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Customs duty is a form of indirect tax which is imposed at the time of both import and export of goods and services. The tax which is imposed on the import of goods and services are is known as Import duty and for export of goods and services are known as Export duty. The government levied these taxes on the export and import of goods and services for raising money and to protect the domestic establishment from competitors which are in other countries.

Customs Duties are based on product characteristics, tariffs are fees applied to specific products from specific countries for specific times, and tax rates (VAT/GST) are fixed and calculated on the total value of the product imported into the country.

Customs Act 1962

Under the customs Act 1962, Customs Duty is an indirect tax. The Article 265 of India’s Constitution provides that “no tax shall be levied or collected except by authority of law”. The customs Act 1962 and the Customs Tariff Act, 1975 are the two primary statutes that govern the entry and exit of goods into or from the country.

The object of customs Act 1962, which extends to the whole if India is:

  • To levy and collect Duties
  • Regulation of Import and Export
  • Prevention of illegal activities such as smuggling
  • Protection of Domestic Trades
  • To Encourage and conserve Foreign exchange

The Government of India brought a major change in the tax collection system of a nation. For this, a new concept came into existence is GST (Goods and Services Tax). It is a new tax collection system in which customer is required to pay when they are using any goods and services.

Customs duty has two components, i.e. Basic Customs Duty (‘BCD’) and IGST; BCD is not creditable and hence becomes a cost, while IGST is creditable and therefore could be cash flow issue for business. Effective median rate of customs duty has split into a few slabs (depending on the IGST rates of 5%, 12%, 18% and 28%). Accordingly, as against the pre-GST customs duty median rate of approximately 26%, the post GST median rate could range up to approximately 37%.

Three categories of GST:

  • Central Goods and Services Tax
  • State Goods and Services tax
  • Integrated Goods and Services Tax

Both CGST and SGST apply to the intra-state transactions whereas the IGST applies to the inter-state transactions.Customs duty is being replaced by IGST, which means instead of Custom duty, Integrated Goods and services tax is applicable on every export and import of goods and services.

IGST on imported goods would be levied and collected as per Section 3(7) of Customs Tariff Act, 1975 (‘Tariff Act’) on value determined under the Tariff Act, at the point when customs duties are levied under the provisions of customs law.

IGST Act 2017, defines the import of goods to bring merchandise to India from anywhere outside India. Imports of goods and services regarded as inter-state supplies and integrated tax that will be imposed on them with other applicable customs duties.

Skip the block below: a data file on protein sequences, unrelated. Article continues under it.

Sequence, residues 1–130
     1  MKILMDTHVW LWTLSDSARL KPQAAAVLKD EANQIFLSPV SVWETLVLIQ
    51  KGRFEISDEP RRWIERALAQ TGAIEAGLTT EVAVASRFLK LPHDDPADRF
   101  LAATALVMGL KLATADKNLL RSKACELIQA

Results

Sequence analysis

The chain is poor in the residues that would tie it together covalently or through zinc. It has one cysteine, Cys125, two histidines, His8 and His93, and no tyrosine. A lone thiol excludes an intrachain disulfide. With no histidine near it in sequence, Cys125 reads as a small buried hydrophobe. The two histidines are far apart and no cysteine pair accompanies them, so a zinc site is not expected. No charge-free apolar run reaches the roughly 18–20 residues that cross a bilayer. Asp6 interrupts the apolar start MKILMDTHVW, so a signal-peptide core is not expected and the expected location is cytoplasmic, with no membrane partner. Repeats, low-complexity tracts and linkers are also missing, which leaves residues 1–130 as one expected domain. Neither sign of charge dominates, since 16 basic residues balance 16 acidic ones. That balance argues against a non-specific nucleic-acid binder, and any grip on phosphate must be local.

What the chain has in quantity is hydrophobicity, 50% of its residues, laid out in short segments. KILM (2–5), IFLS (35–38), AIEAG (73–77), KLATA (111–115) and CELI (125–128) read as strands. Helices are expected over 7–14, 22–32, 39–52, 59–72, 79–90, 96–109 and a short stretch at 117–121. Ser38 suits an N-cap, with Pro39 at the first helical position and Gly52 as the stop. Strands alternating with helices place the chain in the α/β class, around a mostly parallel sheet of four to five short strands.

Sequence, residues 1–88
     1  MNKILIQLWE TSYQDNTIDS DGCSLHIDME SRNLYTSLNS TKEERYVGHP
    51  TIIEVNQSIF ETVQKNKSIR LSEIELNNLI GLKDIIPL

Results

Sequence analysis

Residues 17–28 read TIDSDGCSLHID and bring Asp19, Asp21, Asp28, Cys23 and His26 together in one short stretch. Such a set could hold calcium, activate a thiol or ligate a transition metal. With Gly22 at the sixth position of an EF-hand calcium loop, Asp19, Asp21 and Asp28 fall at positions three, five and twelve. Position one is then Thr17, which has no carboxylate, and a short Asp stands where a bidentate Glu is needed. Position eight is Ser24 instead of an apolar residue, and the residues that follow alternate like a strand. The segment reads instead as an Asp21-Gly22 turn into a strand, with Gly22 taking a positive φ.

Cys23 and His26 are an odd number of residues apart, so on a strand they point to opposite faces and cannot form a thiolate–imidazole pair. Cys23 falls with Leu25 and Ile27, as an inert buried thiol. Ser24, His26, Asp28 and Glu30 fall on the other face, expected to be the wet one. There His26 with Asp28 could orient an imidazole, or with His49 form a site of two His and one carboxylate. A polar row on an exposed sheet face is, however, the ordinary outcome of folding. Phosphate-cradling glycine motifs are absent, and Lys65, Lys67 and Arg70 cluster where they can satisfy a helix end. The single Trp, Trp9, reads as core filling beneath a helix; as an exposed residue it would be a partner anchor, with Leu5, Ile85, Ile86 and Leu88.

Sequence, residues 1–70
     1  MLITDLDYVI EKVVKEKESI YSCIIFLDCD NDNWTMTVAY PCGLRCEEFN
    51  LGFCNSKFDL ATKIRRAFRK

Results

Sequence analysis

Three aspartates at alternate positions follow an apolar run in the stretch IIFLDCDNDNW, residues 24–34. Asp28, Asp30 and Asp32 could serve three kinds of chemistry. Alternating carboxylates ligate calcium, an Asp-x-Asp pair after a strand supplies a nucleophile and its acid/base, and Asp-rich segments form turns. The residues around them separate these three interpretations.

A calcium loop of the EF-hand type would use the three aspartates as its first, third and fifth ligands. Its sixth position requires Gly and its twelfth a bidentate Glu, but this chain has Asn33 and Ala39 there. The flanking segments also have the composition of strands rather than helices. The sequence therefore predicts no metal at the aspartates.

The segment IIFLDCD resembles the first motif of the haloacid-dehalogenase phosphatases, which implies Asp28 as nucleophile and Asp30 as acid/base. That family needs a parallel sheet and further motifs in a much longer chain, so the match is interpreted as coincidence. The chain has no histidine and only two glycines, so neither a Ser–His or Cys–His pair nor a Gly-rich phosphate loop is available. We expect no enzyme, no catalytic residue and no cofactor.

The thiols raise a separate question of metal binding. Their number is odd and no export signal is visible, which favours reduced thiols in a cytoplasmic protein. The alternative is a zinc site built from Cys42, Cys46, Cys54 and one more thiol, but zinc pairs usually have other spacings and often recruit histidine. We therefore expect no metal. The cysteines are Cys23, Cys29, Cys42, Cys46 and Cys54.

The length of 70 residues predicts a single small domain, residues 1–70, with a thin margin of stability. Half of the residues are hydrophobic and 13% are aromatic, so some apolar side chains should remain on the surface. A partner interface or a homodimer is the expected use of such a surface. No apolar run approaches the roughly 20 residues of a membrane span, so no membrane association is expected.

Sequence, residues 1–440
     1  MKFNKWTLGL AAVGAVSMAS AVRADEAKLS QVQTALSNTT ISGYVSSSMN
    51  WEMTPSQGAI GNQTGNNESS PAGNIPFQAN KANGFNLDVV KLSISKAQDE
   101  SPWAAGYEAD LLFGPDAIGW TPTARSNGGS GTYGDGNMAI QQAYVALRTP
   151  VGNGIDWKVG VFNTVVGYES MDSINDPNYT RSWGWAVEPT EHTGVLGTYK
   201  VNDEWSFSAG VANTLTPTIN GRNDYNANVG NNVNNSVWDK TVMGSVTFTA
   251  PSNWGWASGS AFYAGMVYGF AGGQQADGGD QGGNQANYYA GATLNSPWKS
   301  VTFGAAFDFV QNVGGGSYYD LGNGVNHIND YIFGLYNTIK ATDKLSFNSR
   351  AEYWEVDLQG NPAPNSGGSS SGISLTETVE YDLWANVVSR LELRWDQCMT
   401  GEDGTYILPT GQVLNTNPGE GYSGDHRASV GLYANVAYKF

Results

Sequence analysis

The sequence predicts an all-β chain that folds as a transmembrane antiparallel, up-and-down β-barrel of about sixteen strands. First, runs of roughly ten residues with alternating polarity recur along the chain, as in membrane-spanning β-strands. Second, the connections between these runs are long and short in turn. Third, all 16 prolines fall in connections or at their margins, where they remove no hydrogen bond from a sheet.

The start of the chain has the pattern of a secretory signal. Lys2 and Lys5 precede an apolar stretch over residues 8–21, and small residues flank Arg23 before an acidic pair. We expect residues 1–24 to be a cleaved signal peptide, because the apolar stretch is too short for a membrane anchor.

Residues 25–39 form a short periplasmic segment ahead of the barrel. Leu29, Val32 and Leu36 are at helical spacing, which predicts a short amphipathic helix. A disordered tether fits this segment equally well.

After introducing GST,  a drastic change that came in the entire tax system. It holds all indirect taxes such as Central Excise Duty, State level tax, Service charges and convert it into a single tax which is known as GST. On the import of goods, only the integrated  tax along with the basic customs duty will be chargeable.

Customs law provisions including drawback, exemptions would equally apply to IGST and GST Cess as well. Bill of entry will continue to be the valid document for taking credit of IGST and GST Cess paid on imported goods; credit of GST Cess credit can only be utilised for payment of GST Cess on the revenue side The import of goods has been defined in the IGST Act, 2017 as bringing goods into India from a place outside India. All imports shall be deemed as inter-State supplies and accordingly integrated tax shall be levied in addition to the applicable Custom duties. The IGST Act, 2017 provides that the integrated tax on goods imported into India shall be levied and collected in accordance with the provisions of the Customs Tariff Act, 1975 on the value as determined under the said Act at the point when duties of customs are levied on the said goods under the Customs Act, 1962.

Aspects of GST interplay with customs

  1. Taxable event – International trade creates a mirage of two taxable events on the same transaction – that of ‘supply’ under GST law and ‘import’ or ‘export’, as the case may be, under Customs law. A clear perspective and position on the taxable event vis-à-vis specific business transaction is very much at the core of being able to correctly identify consequent compliances and obligations.
  2. Common language of classification – GST adopts the global language of classification of goods, based on the Harmonised System of Nomenclature (HSN) at a four digit level while Customs adopts the same classification at an eight digit level. Adopting the customs classification) for GST purposes, and variances is an important consideration for consistency in compliances.
  3. Valuation – Transaction value of imported goods will continue to influence ‘in-bond sale transactions’ before clearance from customs frontier and so would be the case for export goods where incentives and refund claims will have a bearing on customs valuation of goods in the shipping bill.
  4.  Input credit of import duty – IGST paid at the time of import is available as credit down the domestic supply chain and hence import documents remain an important part of GST credit chain for imported goods. Similarly, GST embedded in export goods is to be reclaimed by the exporter on the basis of export documents filed with customs



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